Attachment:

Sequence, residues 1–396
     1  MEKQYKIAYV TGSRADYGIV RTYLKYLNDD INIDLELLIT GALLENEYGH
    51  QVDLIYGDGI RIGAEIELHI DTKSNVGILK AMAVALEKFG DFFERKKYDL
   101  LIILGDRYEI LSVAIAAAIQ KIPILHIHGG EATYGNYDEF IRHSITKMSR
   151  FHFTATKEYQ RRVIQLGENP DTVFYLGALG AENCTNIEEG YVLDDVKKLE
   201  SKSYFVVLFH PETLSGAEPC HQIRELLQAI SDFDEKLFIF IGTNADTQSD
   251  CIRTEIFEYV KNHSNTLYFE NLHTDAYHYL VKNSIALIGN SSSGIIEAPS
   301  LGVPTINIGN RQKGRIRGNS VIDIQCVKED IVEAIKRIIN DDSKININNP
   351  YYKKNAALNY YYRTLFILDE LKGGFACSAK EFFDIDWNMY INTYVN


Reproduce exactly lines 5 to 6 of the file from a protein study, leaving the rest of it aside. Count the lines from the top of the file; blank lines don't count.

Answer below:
   151  FHFTATKEYQ RRVIQLGENP DTVFYLGALG AENCTNIEEG YVLDDVKKLE
   201  SKSYFVVLFH PETLSGAEPC HQIRELLQAI SDFDEKLFIF IGTNADTQSD